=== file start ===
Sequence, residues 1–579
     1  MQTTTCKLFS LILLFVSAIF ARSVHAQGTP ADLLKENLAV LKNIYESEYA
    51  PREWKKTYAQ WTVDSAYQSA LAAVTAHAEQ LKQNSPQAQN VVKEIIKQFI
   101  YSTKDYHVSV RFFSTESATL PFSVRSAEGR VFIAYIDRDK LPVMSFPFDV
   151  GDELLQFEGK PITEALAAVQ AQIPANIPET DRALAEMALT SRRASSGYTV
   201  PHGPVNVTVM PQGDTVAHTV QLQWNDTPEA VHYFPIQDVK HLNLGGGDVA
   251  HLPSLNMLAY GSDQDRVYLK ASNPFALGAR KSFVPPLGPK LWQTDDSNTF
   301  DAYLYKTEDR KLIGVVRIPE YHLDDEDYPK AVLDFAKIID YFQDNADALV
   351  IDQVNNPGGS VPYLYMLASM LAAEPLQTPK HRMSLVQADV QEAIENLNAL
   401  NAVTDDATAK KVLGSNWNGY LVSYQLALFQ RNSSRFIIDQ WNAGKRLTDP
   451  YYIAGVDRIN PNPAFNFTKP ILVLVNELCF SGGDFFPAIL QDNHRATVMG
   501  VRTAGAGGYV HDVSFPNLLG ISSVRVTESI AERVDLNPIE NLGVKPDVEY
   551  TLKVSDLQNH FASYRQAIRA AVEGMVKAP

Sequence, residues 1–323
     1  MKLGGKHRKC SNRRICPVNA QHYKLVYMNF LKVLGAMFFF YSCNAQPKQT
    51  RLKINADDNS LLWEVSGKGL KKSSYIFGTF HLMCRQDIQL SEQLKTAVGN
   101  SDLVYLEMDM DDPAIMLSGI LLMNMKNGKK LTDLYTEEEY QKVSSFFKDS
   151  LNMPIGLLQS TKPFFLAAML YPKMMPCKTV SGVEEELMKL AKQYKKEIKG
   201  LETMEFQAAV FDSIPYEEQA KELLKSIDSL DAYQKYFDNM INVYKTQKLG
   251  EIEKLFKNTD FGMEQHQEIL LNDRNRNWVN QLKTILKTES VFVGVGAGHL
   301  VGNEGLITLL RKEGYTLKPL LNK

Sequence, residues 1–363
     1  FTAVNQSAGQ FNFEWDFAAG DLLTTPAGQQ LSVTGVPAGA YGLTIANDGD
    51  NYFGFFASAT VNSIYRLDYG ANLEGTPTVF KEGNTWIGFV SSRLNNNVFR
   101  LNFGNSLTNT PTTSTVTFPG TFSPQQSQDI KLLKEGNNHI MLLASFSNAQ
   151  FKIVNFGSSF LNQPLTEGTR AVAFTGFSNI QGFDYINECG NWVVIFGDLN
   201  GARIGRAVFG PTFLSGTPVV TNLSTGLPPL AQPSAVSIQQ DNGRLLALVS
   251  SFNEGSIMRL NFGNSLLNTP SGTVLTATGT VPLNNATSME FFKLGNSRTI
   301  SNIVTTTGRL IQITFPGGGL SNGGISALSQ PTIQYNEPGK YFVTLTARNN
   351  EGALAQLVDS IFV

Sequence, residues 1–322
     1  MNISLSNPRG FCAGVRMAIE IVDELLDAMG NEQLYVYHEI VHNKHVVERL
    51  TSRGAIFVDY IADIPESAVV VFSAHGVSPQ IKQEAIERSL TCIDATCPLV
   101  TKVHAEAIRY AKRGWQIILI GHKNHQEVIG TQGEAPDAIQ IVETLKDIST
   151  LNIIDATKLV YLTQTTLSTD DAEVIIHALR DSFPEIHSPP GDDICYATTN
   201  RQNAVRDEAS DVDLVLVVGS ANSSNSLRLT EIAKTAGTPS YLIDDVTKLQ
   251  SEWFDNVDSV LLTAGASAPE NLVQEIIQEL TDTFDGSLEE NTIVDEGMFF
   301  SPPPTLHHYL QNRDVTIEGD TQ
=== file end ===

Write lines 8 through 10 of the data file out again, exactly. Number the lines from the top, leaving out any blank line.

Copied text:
   301  DAYLYKTEDR KLIGVVRIPE YHLDDEDYPK AVLDFAKIID YFQDNADALV
   351  IDQVNNPGGS VPYLYMLASM LAAEPLQTPK HRMSLVQADV QEAIENLNAL
   401  NAVTDDATAK KVLGSNWNGY LVSYQLALFQ RNSSRFIIDQ WNAGKRLTDP